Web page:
Fermented Things

As you might remember, the May Cook It 2012 Project was to ferment something.  I made traditional napa cabbage kimchi, which was delicious and gone already (I need to fork over the big money for a crock, so I can make a huge batch!) So, before I post the recipe for these amazing canned brandied cherries that I can’t stop eating, I wanted to share these other projects from my fellow bloggers:

The Kitchen Ninja made these beautiful lacto-fermented dill pickles.  I’m so happy she made them since this is such a classic and delicious fermentation project.  The remoulade recipe included also looks pretty epic, and since I’m a fiend for a good po’boy I’m sure we’ll give this a try once the cucumbers come in.

There really is nothing quite as beautiful as a jar of pickles, right? (or a jar of canned apricots… or dilly beans.  Yes. Not only do I spend huge amounts of time photographing canned goods, I’m also actively aware of which canned goods I think are the most beautiful and interesting to photograph.)

Speaking of beautiful… that brings me to the lovely glowing bottles of fizzy homemade ginger beer from Homemade Trade. What a brilliant idea!

I basically read Aimee’s post and then ran to the store as fast as I could to buy a big huge piece of ginger so I could make the project myself.  Because, you know, one of the main things I’ve learned from the fermentation challenge was that it is so, so easy, so you might as well give it a try. There’s so little work involved, so few ingredients, and so little equipment.  Time is the only thing you really need…

(I really did go get ginger. My starter is just starting to fizz = so exciting I can barely deal with it)

Aimee and Ninj: always inspiring to read what you’re up to! such beautiful projects…

and to everyone else: Don’t forget, the June Cook it 2012 resolution is to make jam, so if you haven’t yet, go get yourself some fruit and get jamming.

_______________________________________________________

To be included in the jam round-up post, e-mail me a link to your post by July 15, 2012.  My e-mail is thejamgirl@gmail.com

_______________________________________________________

Cook it! 2012 May Resolution

It’s that time again… In case you’re just showing up to the party,  this year a little group of us decided to tackle a different kitchen project every month.  It began as a New Year’s Resolution, a decision to devote some time to learning new skills and having fun messing around in the kitchen.  So far, we’ve made pasta from scratch, baked bread, made fresh butter and fresh cheese.

Now that the sun is out and the garden is starting to grow like crazy, I thought it would be a good idea to get away from dry goods and dairy and start doing something with all these veggies.   Which brings me to the May resolution–  to keep it really broad, let’s just say…. the goal is to ferment something.  It could be something with vegetables, like sauerkraut or kimchi, or it could be wine, beer, kombucha, sourdough bread…  whatever.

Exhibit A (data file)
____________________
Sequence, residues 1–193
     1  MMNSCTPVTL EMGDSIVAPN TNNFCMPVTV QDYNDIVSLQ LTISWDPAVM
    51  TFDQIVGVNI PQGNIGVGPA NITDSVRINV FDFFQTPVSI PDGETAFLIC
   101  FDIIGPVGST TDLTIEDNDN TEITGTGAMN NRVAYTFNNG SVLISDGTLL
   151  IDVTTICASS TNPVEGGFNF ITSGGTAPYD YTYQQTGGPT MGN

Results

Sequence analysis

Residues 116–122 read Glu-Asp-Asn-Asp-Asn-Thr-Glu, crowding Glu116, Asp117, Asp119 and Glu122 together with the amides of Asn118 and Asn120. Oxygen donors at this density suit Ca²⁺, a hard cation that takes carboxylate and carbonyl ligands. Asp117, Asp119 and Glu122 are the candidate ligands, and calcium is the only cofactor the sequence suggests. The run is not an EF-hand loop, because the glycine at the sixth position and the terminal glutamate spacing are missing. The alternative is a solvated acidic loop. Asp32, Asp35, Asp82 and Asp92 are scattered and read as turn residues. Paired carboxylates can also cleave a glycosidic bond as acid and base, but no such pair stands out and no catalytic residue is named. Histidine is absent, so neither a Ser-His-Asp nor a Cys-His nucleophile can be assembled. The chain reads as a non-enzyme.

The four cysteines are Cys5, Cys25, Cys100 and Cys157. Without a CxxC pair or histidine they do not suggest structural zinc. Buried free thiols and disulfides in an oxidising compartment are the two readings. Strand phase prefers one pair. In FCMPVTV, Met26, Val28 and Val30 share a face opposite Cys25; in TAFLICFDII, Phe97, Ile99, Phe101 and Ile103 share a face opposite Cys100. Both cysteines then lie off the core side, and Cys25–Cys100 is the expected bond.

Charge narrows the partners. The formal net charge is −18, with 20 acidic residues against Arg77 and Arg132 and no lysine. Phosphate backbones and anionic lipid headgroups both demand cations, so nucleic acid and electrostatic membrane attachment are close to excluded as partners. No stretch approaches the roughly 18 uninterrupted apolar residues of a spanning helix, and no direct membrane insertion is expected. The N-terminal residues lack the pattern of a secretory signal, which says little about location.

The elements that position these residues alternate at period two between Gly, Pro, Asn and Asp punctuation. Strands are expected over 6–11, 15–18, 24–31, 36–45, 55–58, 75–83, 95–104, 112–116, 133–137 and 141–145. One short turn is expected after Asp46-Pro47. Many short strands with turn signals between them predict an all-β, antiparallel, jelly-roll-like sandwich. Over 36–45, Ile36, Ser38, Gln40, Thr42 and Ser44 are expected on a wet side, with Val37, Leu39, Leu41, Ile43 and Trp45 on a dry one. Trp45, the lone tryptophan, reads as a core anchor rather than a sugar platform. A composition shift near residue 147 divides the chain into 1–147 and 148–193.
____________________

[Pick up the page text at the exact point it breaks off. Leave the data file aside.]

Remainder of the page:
I haven’t done nearly enough projects involving fermentation and I wanted to devote some time to learning about this ancient method of food preservation.  Wikipedia says that there’s evidence that people were fermenting beverages in Babylon around 3000 B.C.   (After doing manual farm labor in the sun all day, my brilliant insights regarding this are:  Holy crap.  That is a long time ago.)   The whole concept of it is magical, that you can take some cabbage or cucumbers or whatever and combine them with salt and then wait awhile and *poof* the vegetables preserve themselves.   I love the simplicity.

I’m also drawn to the fact that the produce isn’t really cooked, (unlike preservation via canning) so it will be higher in vitamins and minerals.  And, as you may know, the process of fermentation also creates all of the beneficial microorganisms that make for healthy digestive systems.

— and that last phrase, right there, is why I think I haven’t bothered much with fermentation in the past.   It wasn’t a conscious decision at all.  I fell in love with jam-making and all those jewel-toned jars so easily.  Discussions about jam usually mean talking about apricots and strawberries, and whether or not Weck jars are worth the price.  It seems like chatting about fermentation, on the other hand, almost invariably fast forwards right to conversations about pooping.   If you google kimchi and start researching health benefits, you get a couple sentences into the article and then hear about how eating kimchi helps prevent yeast infections — because really, nothing says “domestic goddess” like healthy girl parts.